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An OFLI Dark Sky Adventure in an Ancient Land
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An OFLI Dark Sky Adventure in an Ancient Land
By James Barnett
Our story actually begins with the planning for last year’s OFLI trip to the Mojave National Preserve. You can read about OFLI, my club, and the 2011 Mojave trip in this article on CN:
When I plan and organize an observing trip for the club, finding a site with excellent dark skies is just the beginning. There are 24 hours in a day, and not everyone is content lounging around camp day-after-day between observing sessions. So in addition to tracking down world-class dark sky sites that can accommodate a dozen or so astronomers, their vehicles, equipment and camping gear, I research daytime activities in the general vicinity, and then prepare a “Things to See and Do” pamphlet that described the activities, provides directions to their locations and identifies gear and fitness level necessary to participate in them.
A number of the activities in the Mojave pamphlet involved off-pavement drives and/or hikes to Native American rock art and other archaeological and paleontological sites. Examples of Indiana-Jonesing included in the Mojave activities pamphlet were Shaman Cave, a pictograph site in the Old Woman Mountains, Eagle Well a petroglyph site and ancient well adjacent to the Old Mojave Road, Cow Cove, an expansive petroglyph site off of Aiken Mine Road and the Blythe Intaglios, large-scale animal and anthropomorphic figures (think smaller versions of the Nazca Lines of Peru) carved into the desert floor near Blythe, California.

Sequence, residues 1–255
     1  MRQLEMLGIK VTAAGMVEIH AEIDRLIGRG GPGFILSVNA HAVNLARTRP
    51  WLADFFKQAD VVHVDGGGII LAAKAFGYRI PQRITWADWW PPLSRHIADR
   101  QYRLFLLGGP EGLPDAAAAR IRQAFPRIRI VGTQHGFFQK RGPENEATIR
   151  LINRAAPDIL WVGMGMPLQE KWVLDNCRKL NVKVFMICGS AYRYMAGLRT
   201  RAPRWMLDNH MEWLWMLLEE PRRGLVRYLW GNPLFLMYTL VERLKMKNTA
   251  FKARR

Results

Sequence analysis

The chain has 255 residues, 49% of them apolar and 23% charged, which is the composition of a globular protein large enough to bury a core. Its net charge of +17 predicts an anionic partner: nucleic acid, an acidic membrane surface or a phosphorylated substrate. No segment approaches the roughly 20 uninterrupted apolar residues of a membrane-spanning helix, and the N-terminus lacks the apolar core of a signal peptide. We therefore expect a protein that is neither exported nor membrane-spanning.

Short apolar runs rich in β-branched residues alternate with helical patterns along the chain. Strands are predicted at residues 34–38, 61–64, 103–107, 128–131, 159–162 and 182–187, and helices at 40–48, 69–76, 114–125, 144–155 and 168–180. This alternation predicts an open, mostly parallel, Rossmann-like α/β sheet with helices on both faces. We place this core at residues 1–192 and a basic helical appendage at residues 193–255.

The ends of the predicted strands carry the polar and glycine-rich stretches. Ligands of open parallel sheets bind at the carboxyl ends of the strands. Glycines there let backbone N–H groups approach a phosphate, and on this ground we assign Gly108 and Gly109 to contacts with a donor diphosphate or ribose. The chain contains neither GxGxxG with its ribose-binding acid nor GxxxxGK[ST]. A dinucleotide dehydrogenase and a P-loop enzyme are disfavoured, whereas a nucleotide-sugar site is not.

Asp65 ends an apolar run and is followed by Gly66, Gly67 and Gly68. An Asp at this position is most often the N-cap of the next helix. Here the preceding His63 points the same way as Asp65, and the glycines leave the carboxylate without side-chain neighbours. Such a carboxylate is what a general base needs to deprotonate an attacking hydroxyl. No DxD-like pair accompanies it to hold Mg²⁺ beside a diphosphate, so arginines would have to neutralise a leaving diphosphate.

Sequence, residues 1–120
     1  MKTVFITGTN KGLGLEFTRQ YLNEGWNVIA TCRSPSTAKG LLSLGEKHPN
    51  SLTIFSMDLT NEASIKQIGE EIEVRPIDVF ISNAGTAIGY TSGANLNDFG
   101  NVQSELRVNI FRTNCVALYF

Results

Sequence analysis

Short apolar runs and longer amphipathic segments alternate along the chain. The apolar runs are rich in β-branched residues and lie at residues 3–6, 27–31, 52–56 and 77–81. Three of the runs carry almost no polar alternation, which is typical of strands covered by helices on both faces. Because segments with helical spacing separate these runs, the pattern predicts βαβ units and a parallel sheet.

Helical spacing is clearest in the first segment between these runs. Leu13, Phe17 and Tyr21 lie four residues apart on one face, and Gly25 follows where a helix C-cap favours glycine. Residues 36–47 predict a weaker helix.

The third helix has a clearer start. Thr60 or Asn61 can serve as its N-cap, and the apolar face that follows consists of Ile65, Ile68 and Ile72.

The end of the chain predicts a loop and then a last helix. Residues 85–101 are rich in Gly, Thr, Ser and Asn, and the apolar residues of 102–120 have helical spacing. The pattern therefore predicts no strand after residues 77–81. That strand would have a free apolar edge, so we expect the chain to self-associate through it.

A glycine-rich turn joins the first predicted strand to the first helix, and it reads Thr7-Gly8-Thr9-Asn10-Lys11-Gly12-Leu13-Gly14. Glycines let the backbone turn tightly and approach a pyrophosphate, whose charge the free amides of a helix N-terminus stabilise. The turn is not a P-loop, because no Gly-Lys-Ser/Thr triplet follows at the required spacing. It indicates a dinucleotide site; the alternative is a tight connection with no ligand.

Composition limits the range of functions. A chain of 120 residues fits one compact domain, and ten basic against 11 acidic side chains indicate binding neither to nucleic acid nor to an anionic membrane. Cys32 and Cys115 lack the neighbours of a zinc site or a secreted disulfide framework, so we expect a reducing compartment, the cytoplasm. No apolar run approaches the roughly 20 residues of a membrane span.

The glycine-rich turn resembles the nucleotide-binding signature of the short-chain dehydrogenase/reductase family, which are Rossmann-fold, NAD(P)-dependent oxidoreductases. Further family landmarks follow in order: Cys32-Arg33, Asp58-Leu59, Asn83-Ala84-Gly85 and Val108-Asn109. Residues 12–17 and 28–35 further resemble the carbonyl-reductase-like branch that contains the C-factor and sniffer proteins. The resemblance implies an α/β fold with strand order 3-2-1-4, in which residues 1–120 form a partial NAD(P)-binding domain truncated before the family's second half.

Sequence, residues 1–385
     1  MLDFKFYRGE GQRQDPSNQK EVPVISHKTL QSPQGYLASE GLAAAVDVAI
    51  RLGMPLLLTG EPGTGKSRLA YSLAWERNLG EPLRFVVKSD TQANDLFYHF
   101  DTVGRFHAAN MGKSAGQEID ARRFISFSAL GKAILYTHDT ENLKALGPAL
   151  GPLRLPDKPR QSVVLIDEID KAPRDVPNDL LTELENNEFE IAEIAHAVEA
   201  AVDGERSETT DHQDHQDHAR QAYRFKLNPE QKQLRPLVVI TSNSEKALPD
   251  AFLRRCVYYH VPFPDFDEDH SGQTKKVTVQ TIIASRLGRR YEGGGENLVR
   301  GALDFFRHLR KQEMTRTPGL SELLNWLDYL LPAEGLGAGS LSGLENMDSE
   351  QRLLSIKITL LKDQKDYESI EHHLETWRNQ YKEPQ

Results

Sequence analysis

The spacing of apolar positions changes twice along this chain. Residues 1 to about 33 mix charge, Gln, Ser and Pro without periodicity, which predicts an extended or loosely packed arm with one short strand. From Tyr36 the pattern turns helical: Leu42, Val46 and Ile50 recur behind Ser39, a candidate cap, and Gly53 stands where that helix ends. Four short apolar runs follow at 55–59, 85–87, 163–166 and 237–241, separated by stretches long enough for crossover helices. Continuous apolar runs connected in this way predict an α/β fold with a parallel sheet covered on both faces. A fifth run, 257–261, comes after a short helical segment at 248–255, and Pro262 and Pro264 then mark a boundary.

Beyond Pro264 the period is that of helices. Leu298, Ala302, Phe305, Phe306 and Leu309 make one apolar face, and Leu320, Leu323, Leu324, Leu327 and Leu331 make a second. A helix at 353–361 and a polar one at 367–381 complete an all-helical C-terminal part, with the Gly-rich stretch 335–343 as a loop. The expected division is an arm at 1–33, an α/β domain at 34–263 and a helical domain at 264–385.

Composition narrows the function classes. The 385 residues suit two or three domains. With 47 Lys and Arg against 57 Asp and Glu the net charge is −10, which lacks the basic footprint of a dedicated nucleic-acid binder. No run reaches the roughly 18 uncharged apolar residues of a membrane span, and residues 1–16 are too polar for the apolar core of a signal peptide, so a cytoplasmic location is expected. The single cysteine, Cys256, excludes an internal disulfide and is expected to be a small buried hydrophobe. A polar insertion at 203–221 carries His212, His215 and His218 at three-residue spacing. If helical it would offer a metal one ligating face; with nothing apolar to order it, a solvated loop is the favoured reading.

Above is my 2008 shot of the famous “Supernova” pictograph located on the ceiling of an alcove in the cliff face below the Penasco Blanco great house ruin, Chaco Culture National Historical Park, San Juan County, NM. It has been speculated that this pictograph depicts the Milky Way galaxy supernova in Taurus in 1054. M1, the Crab Nebulae, is the remnant of this event.
Preserving cultural resources such as rock art sites located on federal land is a major function of the Park Service, Forest Service and Bureau of Land Management. Protection has to be carefully balanced against their other major function, though, which is encouraging visitation of public lands to ensure continued taxpayer interest in and support for those public lands. It’s tricky to find the right balance between protection and preservation of these sensitive cultural sites from vandals and looters, on one hand, and using these sites to encourage visitation and public interest in continued preservation of historic and prehistoric sites, on the other. It’s not always easy to identify the “right kind of people” with whom to share location data for one of these sites, and public servants are understandably often tight-lipped with such information.